Mexico's largest copper mine is not safe for health: dangerously high levels of mineral dust and acid mist.
Representatives of Mexico's National Mining and Metal Workers Union, who released the report at a news conference on Monday, say they are prepared to strike until Grupo Mexico SAB agrees to conduct a "massive cleanup operation" and implement programs to train miners and protect their safety. The union said it is sending the report to President Felipe Calderon and is demanding that the government order Grupo Mexico to take corrective actions.
About 1,300 workers went on strike July 30 to protest health and safety conditions at the open-pit Cananea copper mine 50 kilometers (30 miles) south of the Arizona border in the northwestern Mexican state of Sonora.
A telephone call left with Grupo Mexico seeking comment Monday was not immediately returned.
In the past, the company has said it is willing to negotiate health and safety issues to end the strike. Union leaders on Monday claimed the company has been unwilling to tackle the issues, but has instead tried to discredit the union.
A U.S. pulmonary specialist, two Mexican doctors and three industrial hygienists compiled the report after visiting the mine and interviewing and examining the lungs of 68 workers between Oct. 5-8, said the coordinator of the all-volunteer group, Garrett Brown.
The report found "a serious lack of preventive maintenance, failure to repair equipment and correct visible safety hazards, and a conspicuous lack of basic housekeeping."
Because of that, it said, "workers have been exposed to high levels of toxic dusts and acid mists, operate malfunctioning and poorly maintained equipment and work in simply dangerous surroundings."
"In 16 years of inspecting mines in the U.S., Mexico, Guatemala, Indonesia and China, I have never seen a place - operated by a transnational corporation with so many resources - that has such bad conditions," Brown said.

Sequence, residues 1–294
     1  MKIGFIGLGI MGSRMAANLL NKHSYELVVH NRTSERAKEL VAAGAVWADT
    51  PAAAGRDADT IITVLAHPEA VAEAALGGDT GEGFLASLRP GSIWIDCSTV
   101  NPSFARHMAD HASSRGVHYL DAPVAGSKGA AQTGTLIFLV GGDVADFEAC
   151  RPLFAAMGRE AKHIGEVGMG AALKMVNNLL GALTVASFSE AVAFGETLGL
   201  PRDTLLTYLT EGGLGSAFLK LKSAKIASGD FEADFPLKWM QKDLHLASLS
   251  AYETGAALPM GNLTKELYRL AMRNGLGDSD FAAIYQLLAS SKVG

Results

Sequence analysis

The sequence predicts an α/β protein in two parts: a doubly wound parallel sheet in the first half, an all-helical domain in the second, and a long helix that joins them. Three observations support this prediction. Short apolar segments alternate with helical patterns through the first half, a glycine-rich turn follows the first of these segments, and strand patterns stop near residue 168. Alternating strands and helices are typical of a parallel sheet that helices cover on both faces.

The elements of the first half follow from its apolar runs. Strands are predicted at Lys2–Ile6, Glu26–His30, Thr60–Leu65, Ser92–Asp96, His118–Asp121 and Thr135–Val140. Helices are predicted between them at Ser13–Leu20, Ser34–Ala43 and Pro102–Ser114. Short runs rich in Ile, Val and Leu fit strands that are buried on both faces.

The report alleges that the company dismantled dust collectors in the mine's processing plants two years ago, leaving workers exposed to 10 times more "respirable quartz silica" than what Mexican law allows.
The study also alleges that workers were exposed to hazardous levels of sulfuric acid mist in plants where lead sheets are plated with copper ore.
The mist "is so concentrated it's eating away the steel structure of the buildings," Brown said. "You literally have piles of dust 2 to 3 feet (0.6 meters to 0.9 meters) high all over the processing plants."
Dr. Robert Cohen, a pulmonary specialist at Cook County Hospital in Chicago, Illinois, said the medical team found a high prevalence of early signs of respiratory disease among the 68 workers.
The United Steelworkers and the Mexican miners union have worked together for several years to protest alleged health and safety violations by transnational companies, including Grupo Mexico, that employ workers on both sides of the border. The USW paid for the travel of the volunteer experts who wrote the report.
Grupo Mexico has been scrutinized intensively since 65 miners were killed in the February 2006 explosion of its Pasta de Conchos coal mine in northern Coahuila state, 135 kilometers (85 miles) southwest of Eagle Pass, Texas.
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